Throughout all her history, Israel had been more often defeated than victorious. Whether it was the Babylonians or the Romans, Israel had been unable to overcome her enemies. Even when Israel tasted brief success — during the reign of Solomon, for instance — her unfaithfulness to the Lord had led to disaster. But through all of that history, the faithful had at least the hope of the future Christ, who would exalt God’s people above all nations and restore the covenant with God.
Hope is one of the most powerful forces in human existence. Without hope, it’s almost impossible to accept the hardships of life and overcome even the smallest of obstacles; with it, the fate of entire nations can change. The Church has defined hope as one of the “theological” virtues, along with faith and love, because hope’s ultimate object is God. Hope is always directed toward a better future, and man’s ultimate future of true happiness is union with God himself. This is a primary reason why Jesus was misunderstood and rejected by many of his co-religionists: their hopes were directed toward an earthly resolution, but the mission of Christ was to fulfill the greatest hope of all, fellowship with God. (Who is Jesus Christ, pp. 111-112)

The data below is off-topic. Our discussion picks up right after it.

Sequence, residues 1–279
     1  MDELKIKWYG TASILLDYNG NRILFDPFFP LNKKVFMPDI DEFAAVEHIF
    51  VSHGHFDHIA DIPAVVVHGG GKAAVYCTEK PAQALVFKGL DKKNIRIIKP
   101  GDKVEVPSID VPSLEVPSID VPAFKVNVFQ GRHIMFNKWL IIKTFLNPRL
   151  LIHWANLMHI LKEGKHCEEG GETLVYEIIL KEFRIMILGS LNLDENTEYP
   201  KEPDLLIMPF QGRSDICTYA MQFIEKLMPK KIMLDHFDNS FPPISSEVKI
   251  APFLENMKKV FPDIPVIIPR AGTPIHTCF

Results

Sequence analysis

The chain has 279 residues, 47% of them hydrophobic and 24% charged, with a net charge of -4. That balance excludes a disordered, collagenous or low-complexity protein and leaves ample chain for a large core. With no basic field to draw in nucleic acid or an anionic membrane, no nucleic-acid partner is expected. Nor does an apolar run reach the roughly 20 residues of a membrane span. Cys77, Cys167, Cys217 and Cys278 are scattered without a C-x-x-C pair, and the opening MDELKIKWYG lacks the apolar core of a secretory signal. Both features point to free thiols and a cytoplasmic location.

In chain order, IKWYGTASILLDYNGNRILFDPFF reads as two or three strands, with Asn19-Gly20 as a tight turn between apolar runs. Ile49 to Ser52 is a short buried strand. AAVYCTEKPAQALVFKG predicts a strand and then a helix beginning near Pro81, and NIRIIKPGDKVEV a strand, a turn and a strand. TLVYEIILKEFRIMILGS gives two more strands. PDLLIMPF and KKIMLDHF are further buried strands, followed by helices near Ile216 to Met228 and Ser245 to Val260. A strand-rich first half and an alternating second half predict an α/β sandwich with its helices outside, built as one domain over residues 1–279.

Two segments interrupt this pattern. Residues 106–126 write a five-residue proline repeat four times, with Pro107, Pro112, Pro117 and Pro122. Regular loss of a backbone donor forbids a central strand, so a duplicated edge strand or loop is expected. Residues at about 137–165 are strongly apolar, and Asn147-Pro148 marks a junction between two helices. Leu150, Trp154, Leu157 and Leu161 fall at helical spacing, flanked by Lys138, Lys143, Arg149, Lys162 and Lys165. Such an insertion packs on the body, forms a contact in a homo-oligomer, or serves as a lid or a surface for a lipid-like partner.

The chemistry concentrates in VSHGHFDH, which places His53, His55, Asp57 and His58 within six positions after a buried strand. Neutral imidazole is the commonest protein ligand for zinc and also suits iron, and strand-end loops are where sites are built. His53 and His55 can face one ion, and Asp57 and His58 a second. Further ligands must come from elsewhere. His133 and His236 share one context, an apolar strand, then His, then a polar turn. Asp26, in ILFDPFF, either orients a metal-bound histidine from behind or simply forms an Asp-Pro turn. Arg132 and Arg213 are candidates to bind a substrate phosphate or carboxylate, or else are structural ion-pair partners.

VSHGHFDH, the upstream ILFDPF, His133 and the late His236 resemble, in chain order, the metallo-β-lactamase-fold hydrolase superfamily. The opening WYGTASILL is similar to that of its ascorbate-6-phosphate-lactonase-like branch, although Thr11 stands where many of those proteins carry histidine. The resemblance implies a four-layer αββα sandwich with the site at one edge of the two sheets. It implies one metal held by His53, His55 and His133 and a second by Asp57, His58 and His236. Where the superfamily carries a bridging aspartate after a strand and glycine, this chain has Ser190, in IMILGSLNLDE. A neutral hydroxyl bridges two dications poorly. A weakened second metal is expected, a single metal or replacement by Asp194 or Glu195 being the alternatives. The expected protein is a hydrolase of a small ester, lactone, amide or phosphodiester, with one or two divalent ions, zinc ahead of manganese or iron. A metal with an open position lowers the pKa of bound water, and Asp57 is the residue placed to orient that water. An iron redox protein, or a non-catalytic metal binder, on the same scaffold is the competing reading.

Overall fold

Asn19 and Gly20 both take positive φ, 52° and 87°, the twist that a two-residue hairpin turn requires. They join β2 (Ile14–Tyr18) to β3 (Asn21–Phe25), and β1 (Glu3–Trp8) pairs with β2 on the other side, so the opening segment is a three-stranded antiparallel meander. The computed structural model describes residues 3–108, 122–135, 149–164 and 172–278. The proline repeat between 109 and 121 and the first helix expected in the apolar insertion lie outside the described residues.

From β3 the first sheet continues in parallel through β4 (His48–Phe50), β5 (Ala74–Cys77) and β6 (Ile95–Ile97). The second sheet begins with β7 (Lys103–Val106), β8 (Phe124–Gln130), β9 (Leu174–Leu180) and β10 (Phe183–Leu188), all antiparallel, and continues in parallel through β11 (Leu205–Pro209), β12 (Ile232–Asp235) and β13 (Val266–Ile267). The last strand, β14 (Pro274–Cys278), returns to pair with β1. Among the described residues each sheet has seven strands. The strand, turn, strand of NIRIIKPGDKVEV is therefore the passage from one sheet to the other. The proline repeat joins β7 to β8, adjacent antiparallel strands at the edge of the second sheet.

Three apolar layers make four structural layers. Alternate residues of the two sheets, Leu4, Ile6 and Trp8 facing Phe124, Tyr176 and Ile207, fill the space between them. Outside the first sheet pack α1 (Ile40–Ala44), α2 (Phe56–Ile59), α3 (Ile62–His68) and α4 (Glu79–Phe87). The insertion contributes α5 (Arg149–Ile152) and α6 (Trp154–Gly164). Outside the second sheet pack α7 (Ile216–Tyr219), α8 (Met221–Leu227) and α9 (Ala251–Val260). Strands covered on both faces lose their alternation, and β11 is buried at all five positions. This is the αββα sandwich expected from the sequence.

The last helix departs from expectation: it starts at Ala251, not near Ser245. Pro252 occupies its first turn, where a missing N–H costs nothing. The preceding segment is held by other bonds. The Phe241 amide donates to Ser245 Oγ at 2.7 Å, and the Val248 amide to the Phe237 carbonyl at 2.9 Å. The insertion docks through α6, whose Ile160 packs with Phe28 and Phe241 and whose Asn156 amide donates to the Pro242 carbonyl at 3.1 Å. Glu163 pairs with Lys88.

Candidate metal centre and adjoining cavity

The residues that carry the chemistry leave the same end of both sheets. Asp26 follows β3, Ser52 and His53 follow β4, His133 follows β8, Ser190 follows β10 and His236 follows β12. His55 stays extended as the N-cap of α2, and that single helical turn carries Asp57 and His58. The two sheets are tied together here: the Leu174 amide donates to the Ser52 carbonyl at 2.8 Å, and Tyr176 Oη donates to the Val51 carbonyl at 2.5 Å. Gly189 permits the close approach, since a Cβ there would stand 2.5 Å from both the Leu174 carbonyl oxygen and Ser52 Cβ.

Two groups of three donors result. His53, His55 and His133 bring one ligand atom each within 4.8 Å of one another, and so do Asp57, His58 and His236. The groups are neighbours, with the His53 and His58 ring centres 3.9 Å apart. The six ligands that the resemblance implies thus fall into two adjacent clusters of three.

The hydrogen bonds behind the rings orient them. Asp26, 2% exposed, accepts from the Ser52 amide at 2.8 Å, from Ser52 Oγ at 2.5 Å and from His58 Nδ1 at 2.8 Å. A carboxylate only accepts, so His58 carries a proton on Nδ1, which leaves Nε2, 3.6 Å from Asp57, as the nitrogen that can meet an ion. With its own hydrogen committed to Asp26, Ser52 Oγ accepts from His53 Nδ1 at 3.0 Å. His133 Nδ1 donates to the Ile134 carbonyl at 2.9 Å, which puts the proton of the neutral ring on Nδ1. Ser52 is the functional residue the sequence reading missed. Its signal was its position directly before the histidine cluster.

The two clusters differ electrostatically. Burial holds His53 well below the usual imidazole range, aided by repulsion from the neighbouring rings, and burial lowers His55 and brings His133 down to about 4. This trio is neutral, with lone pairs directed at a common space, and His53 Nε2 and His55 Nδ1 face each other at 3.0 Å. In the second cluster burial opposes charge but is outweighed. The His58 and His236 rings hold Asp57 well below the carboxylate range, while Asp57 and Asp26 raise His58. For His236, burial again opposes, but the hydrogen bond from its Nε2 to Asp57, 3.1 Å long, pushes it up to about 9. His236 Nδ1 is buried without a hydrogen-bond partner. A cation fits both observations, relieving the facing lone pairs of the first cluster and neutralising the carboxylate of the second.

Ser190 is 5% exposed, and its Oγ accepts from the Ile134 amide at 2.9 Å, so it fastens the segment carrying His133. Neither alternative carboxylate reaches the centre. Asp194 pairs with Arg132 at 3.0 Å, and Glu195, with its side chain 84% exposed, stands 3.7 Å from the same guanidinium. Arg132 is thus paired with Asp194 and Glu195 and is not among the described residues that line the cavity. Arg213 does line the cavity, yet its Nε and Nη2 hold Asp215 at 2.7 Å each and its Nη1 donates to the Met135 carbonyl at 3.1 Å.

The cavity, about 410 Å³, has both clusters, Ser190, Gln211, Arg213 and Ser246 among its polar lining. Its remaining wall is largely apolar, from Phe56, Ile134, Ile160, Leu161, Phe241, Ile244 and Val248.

No matter our struggles or sufferings in this world, we have a sure reason to hope – Jesus Christ, the Son of God and our Savior, is coming! Since the Fall God has promised that He will send One who will defeat sin, death and the devil. We celebrate the birth of that One tomorrow – our hope is fulfilled!